• Mathematical Theory and Modeling www.iiste.org ISSN 2224-5804 (Paper) ISSN 2225-0522 (Online) Vol.3, No.7, 2013 97 Table 1: Effect of Outliers on Dispersion Indices for some Models for Count Data Sample Size Magnitude of Outlier(s) Poisson Negative Binomial Zero Inflated Poisson Zero Inflated Negative Binomial 20 0% 0.909625 0.909627 0.85612 0.831659 5% 1.299387 1.124377 1.058237 1.028002 10% 1.815388 1.173248 1.104233 1.042887 15% 2.220315 1.198061 1.127587 1.064943 50 0% 0.813319 0.813323 0.796018 0.779435 4% 1.046438 1.046437 1.024172 1.002835 10% 1.265147 1.126912 1.079957 1.068824 16% 1.488154 1.115822 1.092081 1.069329 100 0% 0.891563 0.891563 0.882372 0.873368 5% 1.060416 1.060418 1.049486 1.038777 10% 1.377747 1.249836 1.182111 1.159268 15% 1.529250 1.195671 1.183344 1.17127 It still shows that Zero Inflated Negative Binomial fits the data more adequately than the other models used. Sample size 20 and 50 show absence of overdispersion based on the criteria given by (Hilbe 2008). This indicates that in the presence of outliers which cause overdispersion, Zero Inflated Negative Binomial is an alternative model for analyzing the count data and it fits the data more adequately than the other models used. Table 2: Effect of Outliers on AIC Values for some Models for Count Data Sample Size Magnitude of Outlier(s) Poisson Negative Binomial Zero Inflated Poisson Zero Inflated Negative Binomial 20 0% 65.5987413 65.59874 57.88864 57.88864 5% 72.1300147 71.91756 63.11032 63.11032 10% 81.0298132 78.89772 67.0719 67.07032 15% 88.1388642 83.71242 75.47814 74.24234 50 0% 184.898991 184.899 175.2437 175.2437 4% 195.415266 195.4153 185.1859 185.1859 10% 208.714849 208.3441 197.5757 197.4791 16% 221.906446 219.4541 209.3426 207.8082 100 0% 362.385247 362.3853 352.786 352.786 5% 380.89971 380.8997 368.9704 368.9704 10% 412.16201 411.4715 401.5944 401.5042 15% 432.420494 428.0277 419.9284 417.9078 Table 2 and 3 present the results for AIC and BIC, when five is added to certain percentages of the datasets for the four models. It can be seen clearly at 0% and 4%/5% magnitude of outliers, Zero Inflated Negative Binomial and Zero Inflated Poisson models outperform the other two models having the smallest AIC and BIC values and are considered the best. At 10% and 15%/16% magnitude of outliers Zero Inflated Negative Binomial model has the least values for AIC and BIC which was considered as the best model for all the sample size. Therefore, ZINB fits the data adequately well followed by ZIP for the selected samples, this shows that as the sample size increases, the best models for analyzing count data in presence of outlier is ZINB.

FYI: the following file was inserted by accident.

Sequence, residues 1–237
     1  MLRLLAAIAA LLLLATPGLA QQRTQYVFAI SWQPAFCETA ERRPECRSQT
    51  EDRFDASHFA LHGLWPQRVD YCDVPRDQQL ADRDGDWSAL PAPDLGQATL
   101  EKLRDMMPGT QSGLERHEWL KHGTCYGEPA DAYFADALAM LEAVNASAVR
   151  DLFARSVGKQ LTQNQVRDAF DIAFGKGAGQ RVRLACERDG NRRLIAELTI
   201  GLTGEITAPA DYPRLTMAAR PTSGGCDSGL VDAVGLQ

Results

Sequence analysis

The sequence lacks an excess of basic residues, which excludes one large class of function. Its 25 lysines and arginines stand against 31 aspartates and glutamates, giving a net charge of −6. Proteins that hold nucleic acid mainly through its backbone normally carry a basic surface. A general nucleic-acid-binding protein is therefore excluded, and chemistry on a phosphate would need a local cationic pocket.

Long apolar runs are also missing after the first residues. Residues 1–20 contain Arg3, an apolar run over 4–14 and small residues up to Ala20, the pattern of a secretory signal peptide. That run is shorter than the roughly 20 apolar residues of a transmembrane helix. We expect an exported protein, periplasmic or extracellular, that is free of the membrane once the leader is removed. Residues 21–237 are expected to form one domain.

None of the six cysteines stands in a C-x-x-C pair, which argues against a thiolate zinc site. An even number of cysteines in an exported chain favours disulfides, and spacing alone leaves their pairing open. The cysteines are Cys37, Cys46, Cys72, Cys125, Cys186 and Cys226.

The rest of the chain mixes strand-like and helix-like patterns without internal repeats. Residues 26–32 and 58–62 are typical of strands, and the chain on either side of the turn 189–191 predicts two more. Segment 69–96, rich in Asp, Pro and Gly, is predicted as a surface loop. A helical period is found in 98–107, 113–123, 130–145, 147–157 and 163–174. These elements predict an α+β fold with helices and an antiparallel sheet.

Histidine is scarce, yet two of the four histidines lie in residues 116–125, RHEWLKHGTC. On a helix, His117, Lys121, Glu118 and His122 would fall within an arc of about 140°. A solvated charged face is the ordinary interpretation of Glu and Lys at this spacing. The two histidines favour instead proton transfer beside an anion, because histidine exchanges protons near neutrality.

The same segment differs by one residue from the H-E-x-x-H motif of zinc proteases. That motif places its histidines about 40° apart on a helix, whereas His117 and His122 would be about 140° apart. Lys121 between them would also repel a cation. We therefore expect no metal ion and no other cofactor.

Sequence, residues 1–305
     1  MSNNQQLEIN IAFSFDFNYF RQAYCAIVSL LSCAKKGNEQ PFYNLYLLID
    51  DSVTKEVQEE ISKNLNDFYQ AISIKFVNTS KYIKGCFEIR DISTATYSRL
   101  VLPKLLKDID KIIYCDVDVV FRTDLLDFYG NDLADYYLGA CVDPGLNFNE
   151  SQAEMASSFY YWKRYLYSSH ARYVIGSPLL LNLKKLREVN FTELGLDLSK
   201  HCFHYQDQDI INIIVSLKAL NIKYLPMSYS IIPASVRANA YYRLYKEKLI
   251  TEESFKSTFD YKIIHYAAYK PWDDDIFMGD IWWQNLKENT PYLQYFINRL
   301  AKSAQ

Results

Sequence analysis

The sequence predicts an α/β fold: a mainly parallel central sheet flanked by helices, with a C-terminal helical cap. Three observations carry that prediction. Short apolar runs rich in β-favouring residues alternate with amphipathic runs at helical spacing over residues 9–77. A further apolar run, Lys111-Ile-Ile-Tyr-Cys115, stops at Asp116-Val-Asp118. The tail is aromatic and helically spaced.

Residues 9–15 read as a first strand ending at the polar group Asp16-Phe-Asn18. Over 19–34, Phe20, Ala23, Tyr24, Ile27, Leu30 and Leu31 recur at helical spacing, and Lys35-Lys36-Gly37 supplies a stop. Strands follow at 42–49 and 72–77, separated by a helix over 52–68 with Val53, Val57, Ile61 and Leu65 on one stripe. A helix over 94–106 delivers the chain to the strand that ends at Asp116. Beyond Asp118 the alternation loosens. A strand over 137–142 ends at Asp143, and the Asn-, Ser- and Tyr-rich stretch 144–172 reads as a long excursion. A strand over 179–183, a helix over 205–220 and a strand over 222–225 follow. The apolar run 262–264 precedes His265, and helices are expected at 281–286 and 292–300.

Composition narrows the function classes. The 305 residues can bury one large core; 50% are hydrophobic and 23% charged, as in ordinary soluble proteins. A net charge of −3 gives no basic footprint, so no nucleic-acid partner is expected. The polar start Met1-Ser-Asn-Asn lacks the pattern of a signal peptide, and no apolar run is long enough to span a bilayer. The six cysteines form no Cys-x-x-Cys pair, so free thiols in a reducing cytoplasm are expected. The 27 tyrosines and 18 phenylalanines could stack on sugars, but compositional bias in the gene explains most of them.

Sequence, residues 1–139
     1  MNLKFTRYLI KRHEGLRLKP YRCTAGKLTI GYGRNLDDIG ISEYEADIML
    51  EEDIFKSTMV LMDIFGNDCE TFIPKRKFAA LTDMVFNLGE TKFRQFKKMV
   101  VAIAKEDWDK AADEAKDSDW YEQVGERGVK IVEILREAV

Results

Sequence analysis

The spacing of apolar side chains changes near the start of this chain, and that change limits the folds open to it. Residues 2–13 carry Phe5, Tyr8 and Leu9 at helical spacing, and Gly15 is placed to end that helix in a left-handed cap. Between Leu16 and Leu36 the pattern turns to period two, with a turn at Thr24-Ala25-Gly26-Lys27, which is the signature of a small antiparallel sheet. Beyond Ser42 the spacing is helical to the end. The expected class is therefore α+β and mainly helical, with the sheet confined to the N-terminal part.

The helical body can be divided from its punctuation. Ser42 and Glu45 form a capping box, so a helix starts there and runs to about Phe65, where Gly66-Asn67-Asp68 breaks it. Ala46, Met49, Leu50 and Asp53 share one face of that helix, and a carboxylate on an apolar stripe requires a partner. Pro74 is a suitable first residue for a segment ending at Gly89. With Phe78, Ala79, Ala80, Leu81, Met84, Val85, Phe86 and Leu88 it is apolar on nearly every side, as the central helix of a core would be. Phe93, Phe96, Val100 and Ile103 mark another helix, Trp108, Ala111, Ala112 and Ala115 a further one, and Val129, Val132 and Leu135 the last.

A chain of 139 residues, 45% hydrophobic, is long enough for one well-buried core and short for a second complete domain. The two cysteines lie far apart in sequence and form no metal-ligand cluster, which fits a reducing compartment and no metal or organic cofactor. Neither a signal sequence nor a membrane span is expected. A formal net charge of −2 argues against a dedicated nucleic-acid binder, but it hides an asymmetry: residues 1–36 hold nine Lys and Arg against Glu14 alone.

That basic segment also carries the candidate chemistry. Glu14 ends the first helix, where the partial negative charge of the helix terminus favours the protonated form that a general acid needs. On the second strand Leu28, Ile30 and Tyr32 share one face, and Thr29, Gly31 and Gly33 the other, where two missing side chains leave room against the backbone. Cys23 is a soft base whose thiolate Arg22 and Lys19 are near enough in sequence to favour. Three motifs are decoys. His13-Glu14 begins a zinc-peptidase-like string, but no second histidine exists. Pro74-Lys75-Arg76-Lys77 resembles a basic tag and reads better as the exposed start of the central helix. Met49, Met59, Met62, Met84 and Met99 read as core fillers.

• Mathematical Theory and Modeling www.iiste.org ISSN 2224-5804 (Paper) ISSN 2225-0522 (Online) Vol.3, No.7, 2013 98 Table 3: Effect of Outliers on BIC Values for some Models for Count Data Sample Size Magnitude of Outlier(s) Poisson Negative Binomial Zero Inflated Poisson Zero Inflated Negative Binomial 20 0% 69.590206 69.59021 61.8801 61.8801 5% 76.121479 75.90902 67.10178 67.10178 10% 85.021278 82.88918 71.06336 71.06178 15% 92.130329 87.70388 79.4696 78.2338 50 0% 190.72304 190.723 181.0677 181.0677 4% 201.23931 201.2393 191.01 191.01 10% 214.5389 214.1681 203.3997 203.3032 16% 227.73049 225.2781 215.1666 213.6322 100 0% 369.59559 369.5956 359.9963 359.9963 5% 388.11005 388.1101 376.1807 376.1807 10% 419.37235 418.6818 408.8047 408.7145 15% 439.63083 435.238 427.1387 425.1181 Table 4 present the log-likelihood values for the four count models, where ZINB has the least values at 10% and 15%/16% magnitude of outliers for all sample size. It has the same values with ZIP at 0% and 4%/5% magnitude of outliers for all the samples used for the study. Table 4: Effect of Outliers on Log Likelihood Values for some Models for Count Data Sample Size Magnitude of Outlier(s) Poisson Negative Binomial Zero Inflated Poisson Zero Inflated Negative Binomial 20 0% -31.79937065 -31.79937165 -27.94432 -27.94432 5% -35.06500733 -34.95878022 -30.55516 -30.55516 10% -39.51490659 -38.44885778 -32.53595 -32.53516 15% -43.0694321 -40.85620988 -36.73907 -36.12117 50 0% -91.4494953 -91.44949979 -86.62183 -86.62183 4% -96.70763324 -96.70763469 -91.59297 -91.59297 10% -103.3574247 -103.172025 -97.78785 -97.73957 16% -109.953223 -108.7270507 -103.6713 -102.9041 100 0% -180.1926233 -180.1926276 -175.393 -175.393 5% -189.4498551 -189.4498584 -183.4852 -183.4852 10% -205.0810048 -204.7357409 -199.7972 -199.7521 15% -215.2102472 -213.0138257 -208.9642 -207.9539 This study shows that the ZINB outperform the other models base on log-likelihood values followed by ZIP, this implies that ZINB can fit the data well in the presence of outlier even if the sample size continue to be increased. Table 5 show the bias in each of the count models in estimating the parameters used to simulate the data set. Based on average performance Negative Binomial has the least bias at most of the percentages of magnitude of outliers for sample size 20 and 100, while it has almost the same performance with Poisson model for sample size 50.